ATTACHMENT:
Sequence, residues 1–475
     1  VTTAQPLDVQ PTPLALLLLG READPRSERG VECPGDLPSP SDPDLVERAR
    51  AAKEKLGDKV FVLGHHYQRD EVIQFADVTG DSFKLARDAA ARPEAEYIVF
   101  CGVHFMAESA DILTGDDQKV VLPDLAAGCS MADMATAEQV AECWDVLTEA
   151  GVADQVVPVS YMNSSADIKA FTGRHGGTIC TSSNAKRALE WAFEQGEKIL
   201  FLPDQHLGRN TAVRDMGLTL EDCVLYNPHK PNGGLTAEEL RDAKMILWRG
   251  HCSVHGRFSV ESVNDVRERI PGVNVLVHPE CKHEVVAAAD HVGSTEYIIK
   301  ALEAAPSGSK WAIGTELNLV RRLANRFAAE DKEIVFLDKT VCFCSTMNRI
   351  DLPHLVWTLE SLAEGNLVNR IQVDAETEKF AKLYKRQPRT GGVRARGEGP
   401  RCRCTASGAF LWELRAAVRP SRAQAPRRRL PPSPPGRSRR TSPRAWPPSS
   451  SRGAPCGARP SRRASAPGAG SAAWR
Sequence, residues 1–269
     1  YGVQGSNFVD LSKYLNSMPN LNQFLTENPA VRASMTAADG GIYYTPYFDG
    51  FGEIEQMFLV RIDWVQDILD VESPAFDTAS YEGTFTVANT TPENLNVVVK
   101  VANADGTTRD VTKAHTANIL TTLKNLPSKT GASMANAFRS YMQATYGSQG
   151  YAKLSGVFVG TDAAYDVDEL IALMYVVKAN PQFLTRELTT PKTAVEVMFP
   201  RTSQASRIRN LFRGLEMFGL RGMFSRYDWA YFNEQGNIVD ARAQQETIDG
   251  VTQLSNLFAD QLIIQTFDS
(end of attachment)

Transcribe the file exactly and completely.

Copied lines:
Sequence, residues 1–475
     1  VTTAQPLDVQ PTPLALLLLG READPRSERG VECPGDLPSP SDPDLVERAR
    51  AAKEKLGDKV FVLGHHYQRD EVIQFADVTG DSFKLARDAA ARPEAEYIVF
   101  CGVHFMAESA DILTGDDQKV VLPDLAAGCS MADMATAEQV AECWDVLTEA
   151  GVADQVVPVS YMNSSADIKA FTGRHGGTIC TSSNAKRALE WAFEQGEKIL
   201  FLPDQHLGRN TAVRDMGLTL EDCVLYNPHK PNGGLTAEEL RDAKMILWRG
   251  HCSVHGRFSV ESVNDVRERI PGVNVLVHPE CKHEVVAAAD HVGSTEYIIK
   301  ALEAAPSGSK WAIGTELNLV RRLANRFAAE DKEIVFLDKT VCFCSTMNRI
   351  DLPHLVWTLE SLAEGNLVNR IQVDAETEKF AKLYKRQPRT GGVRARGEGP
   401  RCRCTASGAF LWELRAAVRP SRAQAPRRRL PPSPPGRSRR TSPRAWPPSS
   451  SRGAPCGARP SRRASAPGAG SAAWR
Sequence, residues 1–269
     1  YGVQGSNFVD LSKYLNSMPN LNQFLTENPA VRASMTAADG GIYYTPYFDG
    51  FGEIEQMFLV RIDWVQDILD VESPAFDTAS YEGTFTVANT TPENLNVVVK
   101  VANADGTTRD VTKAHTANIL TTLKNLPSKT GASMANAFRS YMQATYGSQG
   151  YAKLSGVFVG TDAAYDVDEL IALMYVVKAN PQFLTRELTT PKTAVEVMFP
   201  RTSQASRIRN LFRGLEMFGL RGMFSRYDWA YFNEQGNIVD ARAQQETIDG
   251  VTQLSNLFAD QLIIQTFDS